Presentation on theme: "Discussion Why is Jesse Owens saluting, and why is Luz Long extending his arm? They are saluting their countries' flags [raised for the medal winners],"— Presentation transcript:
Discussion Why is Jesse Owens saluting, and why is Luz Long extending his arm? They are saluting their countries' flags [raised for the medal winners], Owens with a U.S. military salute and Long with the Nazi salute.
Discussion How is this photograph evidence that contradicts Adolf Hitler's claim of the superiority of the "Aryan race"? A German athlete, Luz Long, finished second to a non-German, Jesse Owens.
Background Berlin was chosen as the site for the Olympic Games two years before Adolf Hitler came to power. Fearing that many nations would boycott the games because of Hitler's blatant racism, the International Olympic Committee pressured the Germans not to use the games to promote Nazi ideals. Yet the sports complex was covered with Nazi banners and symbols, and Aryan supremacy was repeatedly proclaimed in speeches and pamphlets. Jesse Owens' four gold medals spoiled Hitler's plans to have the games showcase Aryan supremacy. The next two Summer Olympics—the 1940 and 1944 games— were canceled because of World War II.
Rise of Hitler and the Nazis Racism and nationalism: At the core of Adolf Hitler's ideas was racism and bigotry, especially anti-Semitism. He also was an extreme nationalist. The Nazi Party: After World War I, Hitler joined the extremist German Workers' Party. Within a few years he took control of the party, now called the Nazi Party. Failed uprising: In 1923, Hitler staged an armed uprising against the government. Known as the Beer Hall Putsch, the uprising was quickly crushed, and Hitler was arrested. Mein Kampf: While in jail, Hitler wrote Mein Kampf, in which he linked German nationalism, anti-Semitism, and anticommunism to a Social Darwinian theory of struggle. He claimed that superior nations had the right to expand and superior individuals had the right to lead the masses. Growth of Nazism: Realizing that the Nazi Party would have to gain power by legal means, Hitler expanded it into a mass national party, attracting Germans who were disaffected by Germany's economic problems and were attracted by the Nazis' nationalism and militarism. Hitler the Führer: After President Hindenburg allowed Hitler to become chancellor, the Nazi-dominated Reichstag gave Hitler the power to ignore the German constitution. This made Hitler a dictator, and the Nazis quickly took control of all German institutions. When Hindenburg died, Hitler became the sole ruler of Germany—the Führer.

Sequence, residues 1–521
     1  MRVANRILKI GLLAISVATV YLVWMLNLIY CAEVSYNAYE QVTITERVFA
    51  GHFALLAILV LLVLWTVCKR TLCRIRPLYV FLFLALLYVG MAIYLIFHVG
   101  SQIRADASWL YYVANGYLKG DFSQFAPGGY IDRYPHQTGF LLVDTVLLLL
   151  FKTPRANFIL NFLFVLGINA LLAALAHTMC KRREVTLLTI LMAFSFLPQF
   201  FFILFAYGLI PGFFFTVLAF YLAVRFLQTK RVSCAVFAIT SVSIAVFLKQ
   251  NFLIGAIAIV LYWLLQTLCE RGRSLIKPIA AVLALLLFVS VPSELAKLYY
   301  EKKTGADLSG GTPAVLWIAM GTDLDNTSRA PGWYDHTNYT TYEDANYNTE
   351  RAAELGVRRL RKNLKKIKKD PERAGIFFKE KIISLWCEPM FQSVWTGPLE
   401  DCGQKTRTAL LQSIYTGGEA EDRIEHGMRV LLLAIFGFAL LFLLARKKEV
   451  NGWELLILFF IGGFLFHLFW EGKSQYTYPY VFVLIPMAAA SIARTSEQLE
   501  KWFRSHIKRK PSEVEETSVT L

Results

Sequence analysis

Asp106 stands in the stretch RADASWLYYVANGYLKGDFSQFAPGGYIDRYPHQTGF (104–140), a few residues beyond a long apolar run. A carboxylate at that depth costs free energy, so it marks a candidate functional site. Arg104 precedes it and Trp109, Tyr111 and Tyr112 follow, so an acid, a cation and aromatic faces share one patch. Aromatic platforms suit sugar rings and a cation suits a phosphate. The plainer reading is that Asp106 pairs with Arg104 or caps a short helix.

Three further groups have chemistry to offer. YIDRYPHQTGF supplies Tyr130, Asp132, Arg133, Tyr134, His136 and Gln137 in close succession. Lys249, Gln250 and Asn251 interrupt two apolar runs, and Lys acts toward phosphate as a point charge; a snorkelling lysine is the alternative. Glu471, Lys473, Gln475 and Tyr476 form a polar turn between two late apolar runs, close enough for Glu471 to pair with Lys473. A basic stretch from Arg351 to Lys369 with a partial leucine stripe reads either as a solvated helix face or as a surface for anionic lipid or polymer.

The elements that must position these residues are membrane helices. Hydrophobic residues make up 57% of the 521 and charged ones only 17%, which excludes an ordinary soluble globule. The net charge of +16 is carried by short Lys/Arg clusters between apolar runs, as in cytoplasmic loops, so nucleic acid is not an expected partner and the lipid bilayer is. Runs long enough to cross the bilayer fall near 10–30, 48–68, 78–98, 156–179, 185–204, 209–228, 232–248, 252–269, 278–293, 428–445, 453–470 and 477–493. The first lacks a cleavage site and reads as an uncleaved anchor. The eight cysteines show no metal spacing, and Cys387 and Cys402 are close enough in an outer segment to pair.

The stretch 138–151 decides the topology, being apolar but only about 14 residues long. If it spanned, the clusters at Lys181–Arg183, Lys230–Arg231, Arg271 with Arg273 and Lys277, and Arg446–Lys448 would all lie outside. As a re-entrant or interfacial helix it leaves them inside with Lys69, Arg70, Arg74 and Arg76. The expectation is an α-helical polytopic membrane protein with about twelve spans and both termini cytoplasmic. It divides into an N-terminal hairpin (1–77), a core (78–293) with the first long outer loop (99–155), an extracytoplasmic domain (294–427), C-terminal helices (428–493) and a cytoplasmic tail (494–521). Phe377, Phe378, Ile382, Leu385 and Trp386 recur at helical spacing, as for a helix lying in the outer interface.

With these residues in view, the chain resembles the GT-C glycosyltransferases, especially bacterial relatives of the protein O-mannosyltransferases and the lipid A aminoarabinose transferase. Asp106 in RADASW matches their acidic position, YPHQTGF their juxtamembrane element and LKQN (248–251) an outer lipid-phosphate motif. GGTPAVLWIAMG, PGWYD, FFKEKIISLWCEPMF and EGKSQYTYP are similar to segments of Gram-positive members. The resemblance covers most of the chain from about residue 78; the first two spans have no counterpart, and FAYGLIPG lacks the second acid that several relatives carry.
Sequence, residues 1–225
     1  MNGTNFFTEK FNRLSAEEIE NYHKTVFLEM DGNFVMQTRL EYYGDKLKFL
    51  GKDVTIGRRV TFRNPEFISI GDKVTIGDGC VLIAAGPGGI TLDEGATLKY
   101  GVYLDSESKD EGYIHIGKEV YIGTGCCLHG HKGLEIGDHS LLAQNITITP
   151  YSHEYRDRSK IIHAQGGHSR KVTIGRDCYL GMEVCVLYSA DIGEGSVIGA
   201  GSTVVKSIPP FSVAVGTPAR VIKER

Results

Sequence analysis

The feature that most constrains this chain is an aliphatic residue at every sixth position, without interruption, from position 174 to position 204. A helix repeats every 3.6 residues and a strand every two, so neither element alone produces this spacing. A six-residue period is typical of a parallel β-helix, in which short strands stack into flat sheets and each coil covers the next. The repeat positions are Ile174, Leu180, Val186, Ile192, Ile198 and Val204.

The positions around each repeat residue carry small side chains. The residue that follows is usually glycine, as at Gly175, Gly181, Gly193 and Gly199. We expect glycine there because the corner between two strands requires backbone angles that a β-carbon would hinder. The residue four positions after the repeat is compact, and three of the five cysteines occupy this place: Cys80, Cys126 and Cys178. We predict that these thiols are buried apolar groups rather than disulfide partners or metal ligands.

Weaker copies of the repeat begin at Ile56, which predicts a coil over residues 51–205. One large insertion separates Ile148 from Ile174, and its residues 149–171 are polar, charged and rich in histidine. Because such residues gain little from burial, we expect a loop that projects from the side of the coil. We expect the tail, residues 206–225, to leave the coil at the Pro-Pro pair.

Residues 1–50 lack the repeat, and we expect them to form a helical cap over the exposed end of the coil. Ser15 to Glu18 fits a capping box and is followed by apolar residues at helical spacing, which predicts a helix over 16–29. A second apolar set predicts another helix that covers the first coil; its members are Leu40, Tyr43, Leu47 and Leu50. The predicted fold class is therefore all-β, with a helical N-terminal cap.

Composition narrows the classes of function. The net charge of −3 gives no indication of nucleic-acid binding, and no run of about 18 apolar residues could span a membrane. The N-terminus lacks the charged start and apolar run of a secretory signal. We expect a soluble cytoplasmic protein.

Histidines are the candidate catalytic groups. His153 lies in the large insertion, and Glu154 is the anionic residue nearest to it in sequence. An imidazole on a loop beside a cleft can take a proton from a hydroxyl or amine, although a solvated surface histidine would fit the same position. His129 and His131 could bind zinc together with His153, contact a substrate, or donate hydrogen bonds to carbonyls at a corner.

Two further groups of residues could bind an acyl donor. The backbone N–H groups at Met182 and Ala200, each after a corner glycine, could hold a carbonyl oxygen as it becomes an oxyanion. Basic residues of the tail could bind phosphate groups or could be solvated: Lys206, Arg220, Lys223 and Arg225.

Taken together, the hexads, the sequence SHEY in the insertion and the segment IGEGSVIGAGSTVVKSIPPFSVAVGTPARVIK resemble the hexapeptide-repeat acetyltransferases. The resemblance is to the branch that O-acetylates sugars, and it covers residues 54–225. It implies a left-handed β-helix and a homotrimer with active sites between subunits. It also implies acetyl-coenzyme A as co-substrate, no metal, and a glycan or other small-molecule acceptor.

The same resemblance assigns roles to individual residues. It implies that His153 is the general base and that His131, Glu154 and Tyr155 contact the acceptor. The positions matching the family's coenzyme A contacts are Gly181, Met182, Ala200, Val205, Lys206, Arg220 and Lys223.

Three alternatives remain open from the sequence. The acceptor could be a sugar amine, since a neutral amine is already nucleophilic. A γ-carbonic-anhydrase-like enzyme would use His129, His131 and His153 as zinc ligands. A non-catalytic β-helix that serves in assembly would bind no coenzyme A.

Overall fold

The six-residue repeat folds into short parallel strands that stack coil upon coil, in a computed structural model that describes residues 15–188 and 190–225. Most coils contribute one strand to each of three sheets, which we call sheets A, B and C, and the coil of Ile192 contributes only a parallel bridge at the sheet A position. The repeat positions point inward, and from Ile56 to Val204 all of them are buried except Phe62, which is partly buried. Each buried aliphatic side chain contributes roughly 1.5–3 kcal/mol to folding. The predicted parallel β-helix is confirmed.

Discussion How might the economic situation in Germany in the early 1930s have influenced the willingness of many German people to accept a leader whose philosophy was based on racism and bigotry? When times are hard, many people look for someone to blame for their problems. Hitler provided a scapegoat for Germany's economic problems in the form of the Jewish people.
Background On November 8, 1923, Hitler and members of the Nazi Party forced their way into a right-wing political meeting in a beer hall in Munich. Hitler convinced the group to join him in a revolutionary march to Berlin, similar to Mussolini's March on Rome. The next day some 3,000 Nazi marchers were met with police gunfire. Hitler was arrested, put on trial, and sentenced to five years in prison, though he served only eight months.
Discussion What was ironic about the Reichstag's actions? The Reichstag, a democratic institution, passed legislation that led to the end of Germany's democratic government.
Plans for the Nazi State An "Aryan state": Hitler's goal was the development of an "Aryan" racial state that would dominate the world for generations to come. Involvement of the German people: In part, the Nazis made the German people complicit in their policies by means of mass demonstrations and spectacles.
Discussion Why do you think Hitler had come to the conclusion that it was necessary to attain power by legal means? Hitler had already led an armed uprising, and it had failed. He also might have realized that attaining power legally would give his government credibility.
Ideology and Terror The SS: The Nazis used Schutzstaffeln, or SS, forces to maintain order and carry out Nazi policies. Under the direction of Heinrich Himmler, the SS came to control the secret police forces as well as the regular police. Terror tactics: The SS used repression and murder to carry out Nazi policies. The brutal tactics of the police—as well as the use of concentration camps, execution squads, and death camps—terrorized the people, especially Jews, and silenced opposition.
Discussion What was the chief goal of the SS, according to Himmler? to further the "Aryan master race
Discussion After Hitler gained power, how did he keep it? through brutality and terror